Finitude is the natural state of things. All things, things in general. All things end, and leave only the faintest of memories behind, detritus of history. Good old Ozymandias, whose grand statues were famously reduced to a mere fragment and an imperative to despair, serves as a reminder of this: even the largest, most elaborate constructions fade into nothing, given time. Nature reclaims every thing.
This is the proper mindset to be in when reading Sailing to Byzantium. On an intertextual level, it responds to Shelley’s famous poem, not least in the quite unsubtle byz/oz pairing. For poets, this is what passes for being on the nose. On a thematic level, the two poems both poke and prod at the passage of time and the inherent futility of all attempts to resist or reject it. Time will come, and it will claim its due; it is the nature of things.
Given this starting point, a reader might be surprised to find out that Yeats goes full cyborg. Ozymandias is comfortably familiar in its fuzzy particulars – nothing remains except this one fragment, and we are left to infer all manner of ancient civilizations once inhabiting the sand-swept nothing that remains. Fantasy provides us with all the necessary details, free of charge. It is familiar, safe, cozy. And then, wham! Yeats hits us with the following motherlode of exposition:
Once out of nature I shall never take
My bodily form from any natural thing
Careful readers will notice the two mentions of nature: first as a negative, being out of it, and second as a refusal to adopt its forms. It is not specified just what exactly it means to be “out of nature”, but somehow during the course of the poem, this natural state of things has been escaped. No longer bound by finitude, post-natural beings can take any shape they so please, and it would appear that some hitherto unimagined unnatural form is desired. We have left nature and embraced cyborghood, without regrets or remorse.
Indeed, regret and remorse are precisely the things left behind. These are narrowly focused states of mind, which contemplate what has been done and how it has affected things relating to the limited time between life and death of natural entities. “Whatever is begotten, born, and dies”, and from the perspective of those unburdened by death, it all amounts to naught. Finitude is the natural state of things, and thinking about it only makes it worse; we did not effort hard enough to overcome the passage of time. Everything will be forgotten, no one will remain to remember.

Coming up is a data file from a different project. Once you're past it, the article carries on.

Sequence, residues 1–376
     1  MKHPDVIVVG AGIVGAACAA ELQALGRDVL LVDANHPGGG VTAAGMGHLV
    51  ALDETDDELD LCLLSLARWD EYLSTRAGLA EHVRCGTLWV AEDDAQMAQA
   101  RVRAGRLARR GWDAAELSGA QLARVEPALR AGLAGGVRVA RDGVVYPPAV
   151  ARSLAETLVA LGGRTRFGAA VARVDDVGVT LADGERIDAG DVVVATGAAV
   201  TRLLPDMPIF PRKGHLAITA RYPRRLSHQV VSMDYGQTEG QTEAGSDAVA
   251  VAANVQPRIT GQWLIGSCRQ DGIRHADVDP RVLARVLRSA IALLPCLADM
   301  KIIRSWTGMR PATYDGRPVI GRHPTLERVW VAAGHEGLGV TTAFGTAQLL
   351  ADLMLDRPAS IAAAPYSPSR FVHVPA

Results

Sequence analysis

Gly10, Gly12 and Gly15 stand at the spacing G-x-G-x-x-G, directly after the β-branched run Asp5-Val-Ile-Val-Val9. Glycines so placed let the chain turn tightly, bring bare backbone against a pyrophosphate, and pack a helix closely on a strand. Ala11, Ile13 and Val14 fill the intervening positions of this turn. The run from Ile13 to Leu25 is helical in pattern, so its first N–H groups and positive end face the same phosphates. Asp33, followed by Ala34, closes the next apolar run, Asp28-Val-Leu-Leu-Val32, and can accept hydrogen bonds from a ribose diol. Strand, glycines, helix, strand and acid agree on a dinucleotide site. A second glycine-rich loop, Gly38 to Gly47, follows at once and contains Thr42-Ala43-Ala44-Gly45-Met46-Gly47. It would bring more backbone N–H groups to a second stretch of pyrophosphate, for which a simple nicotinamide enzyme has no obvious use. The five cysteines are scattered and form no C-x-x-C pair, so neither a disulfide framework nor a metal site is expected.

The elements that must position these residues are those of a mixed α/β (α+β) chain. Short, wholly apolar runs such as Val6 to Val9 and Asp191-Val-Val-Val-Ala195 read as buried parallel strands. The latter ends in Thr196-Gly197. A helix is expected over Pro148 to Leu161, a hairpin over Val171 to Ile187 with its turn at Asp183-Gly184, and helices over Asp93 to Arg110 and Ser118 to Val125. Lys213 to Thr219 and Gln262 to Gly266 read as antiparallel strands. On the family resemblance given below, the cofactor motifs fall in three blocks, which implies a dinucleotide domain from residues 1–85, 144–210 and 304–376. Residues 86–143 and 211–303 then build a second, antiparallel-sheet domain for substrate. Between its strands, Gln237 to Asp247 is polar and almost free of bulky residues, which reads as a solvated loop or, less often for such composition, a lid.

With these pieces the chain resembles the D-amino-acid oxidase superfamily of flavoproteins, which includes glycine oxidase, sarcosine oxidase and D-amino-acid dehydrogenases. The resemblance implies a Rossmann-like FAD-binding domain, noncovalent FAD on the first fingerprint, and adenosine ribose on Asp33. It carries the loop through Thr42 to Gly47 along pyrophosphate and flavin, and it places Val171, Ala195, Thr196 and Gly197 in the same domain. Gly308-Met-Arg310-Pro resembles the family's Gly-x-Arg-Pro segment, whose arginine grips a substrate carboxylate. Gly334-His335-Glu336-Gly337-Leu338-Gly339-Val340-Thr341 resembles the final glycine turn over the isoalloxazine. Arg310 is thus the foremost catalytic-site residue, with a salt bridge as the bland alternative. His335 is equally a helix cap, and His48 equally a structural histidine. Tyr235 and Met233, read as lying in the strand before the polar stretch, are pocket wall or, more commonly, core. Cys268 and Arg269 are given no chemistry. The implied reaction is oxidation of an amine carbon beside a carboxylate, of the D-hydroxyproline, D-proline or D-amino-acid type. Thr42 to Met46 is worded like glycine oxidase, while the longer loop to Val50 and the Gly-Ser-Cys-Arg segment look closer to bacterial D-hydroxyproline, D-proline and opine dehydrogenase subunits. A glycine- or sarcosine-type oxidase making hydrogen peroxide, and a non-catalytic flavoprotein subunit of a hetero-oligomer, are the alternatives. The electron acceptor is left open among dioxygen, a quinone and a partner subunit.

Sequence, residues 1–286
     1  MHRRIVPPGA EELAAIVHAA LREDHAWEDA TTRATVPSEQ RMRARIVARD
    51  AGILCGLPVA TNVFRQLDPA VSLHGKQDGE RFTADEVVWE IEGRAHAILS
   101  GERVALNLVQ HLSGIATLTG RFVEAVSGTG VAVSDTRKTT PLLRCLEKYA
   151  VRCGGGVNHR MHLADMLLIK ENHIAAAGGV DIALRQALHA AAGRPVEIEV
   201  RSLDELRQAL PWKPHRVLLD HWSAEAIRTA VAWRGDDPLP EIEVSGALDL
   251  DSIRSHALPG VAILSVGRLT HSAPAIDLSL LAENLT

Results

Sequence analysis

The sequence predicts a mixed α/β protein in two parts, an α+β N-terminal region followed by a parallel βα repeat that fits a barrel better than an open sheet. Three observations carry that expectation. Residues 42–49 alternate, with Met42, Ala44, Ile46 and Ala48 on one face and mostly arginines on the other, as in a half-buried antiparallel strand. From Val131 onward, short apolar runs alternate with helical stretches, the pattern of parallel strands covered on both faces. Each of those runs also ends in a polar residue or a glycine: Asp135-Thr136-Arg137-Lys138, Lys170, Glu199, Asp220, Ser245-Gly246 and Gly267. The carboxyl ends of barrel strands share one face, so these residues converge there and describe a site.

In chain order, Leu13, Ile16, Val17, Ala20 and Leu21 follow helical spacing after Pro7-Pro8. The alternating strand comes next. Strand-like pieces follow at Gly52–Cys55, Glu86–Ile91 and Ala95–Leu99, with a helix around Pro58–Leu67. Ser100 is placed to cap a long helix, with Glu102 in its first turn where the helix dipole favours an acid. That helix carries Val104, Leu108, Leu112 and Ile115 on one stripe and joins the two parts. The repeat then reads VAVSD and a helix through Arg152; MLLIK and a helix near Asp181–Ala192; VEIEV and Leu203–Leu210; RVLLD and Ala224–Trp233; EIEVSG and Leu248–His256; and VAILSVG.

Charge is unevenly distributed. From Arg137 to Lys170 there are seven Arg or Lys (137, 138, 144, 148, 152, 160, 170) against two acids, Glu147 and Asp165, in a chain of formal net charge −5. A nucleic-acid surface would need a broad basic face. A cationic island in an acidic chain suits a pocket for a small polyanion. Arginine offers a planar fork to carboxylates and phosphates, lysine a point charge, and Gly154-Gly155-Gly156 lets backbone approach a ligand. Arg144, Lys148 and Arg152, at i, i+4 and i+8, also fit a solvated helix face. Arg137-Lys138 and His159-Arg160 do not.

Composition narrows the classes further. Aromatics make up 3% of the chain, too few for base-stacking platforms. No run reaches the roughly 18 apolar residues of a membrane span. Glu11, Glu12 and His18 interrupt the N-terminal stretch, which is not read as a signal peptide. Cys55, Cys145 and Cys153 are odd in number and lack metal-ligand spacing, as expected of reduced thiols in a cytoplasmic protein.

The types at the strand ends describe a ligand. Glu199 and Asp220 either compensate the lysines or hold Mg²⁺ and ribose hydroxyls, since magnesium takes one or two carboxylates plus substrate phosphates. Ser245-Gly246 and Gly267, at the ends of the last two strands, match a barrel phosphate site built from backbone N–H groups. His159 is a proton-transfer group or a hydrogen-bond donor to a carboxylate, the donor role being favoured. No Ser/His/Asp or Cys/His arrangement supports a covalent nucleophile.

Thus, the imperative to get out of nature. This whole death and oblivion business is not the cheeriest of outcomes, prompting the desire to evade it. What if we just skipped that part and kept going, went on, stuck around for the aftermath and transcended into a point of view that didn’t have to feel all those pesky death-related feelings? Just say no to nature and do something else, forever. Stop being “fastened to a dying animal” and instead transmogrify “into the artifice of eternity”. Level up both physically and metaphysically.
An unintended side-effect of stepping out of nature is also stepping out of time. Mortals organize everything around time, even when they do not think about it – the mortal body itself is scarred by each passing moment, every breath a tiny movement towards death. Oxygen, the very thing that powers our bodies, also ever so gradually degrades it. Oxygen-based metabolism is life, but it is also death; such is the nature of these things. Stepping out of nature would, presumably, involve a transition into something more comfortable and permanent – once out of nature, metabolism becomes sustainable. Whatever unnatural form it might take, it will be able to keep at it indefinitely, orthogonal to the passage of time.
This raises the question of what to do with all the extra time allotted. Merely existing in general seems a waste of potential, but just what exactly one does upon attaining immortality is not an easy question to answer. Indeed, there is not even any particular rush to answer it – doing anything now is as good as doing it later, seeing as there is no existential time limit to contend with. Everything, in the most general of terms, will still be there whenever the decision to spring into action is made. Having stepped out of time means not being in a hurry. Ozymandias may come and go many times before the first move is made. But just what might this move be?
Yeats, seeing this coming, invokes Byzantium for this very reason. Byzantium is old news, history, long since faded from contemporaneity. When the future becomes an indifferent extension of the present, the only remaining temporal direction worth mentioning is the past. History becomes the building material of the present, but not in the same way as for mortal beings. Mortals have to deal with being situated in time by virtue of being mortal; it goes with the territory. Immortals, however, can pick and choose their time period at will, regardless of grammatical tense. Thus, Byzantium will do just as well as any other point in time – the future is indifferent, the present arbitrary, and the past a catalogue of equally compelling available options. Thus, aloof, disinterested, Yeats’ cyborgs contend themselves to sing
To lords and ladies of Byzantium
Of what is past, or passing, or to come.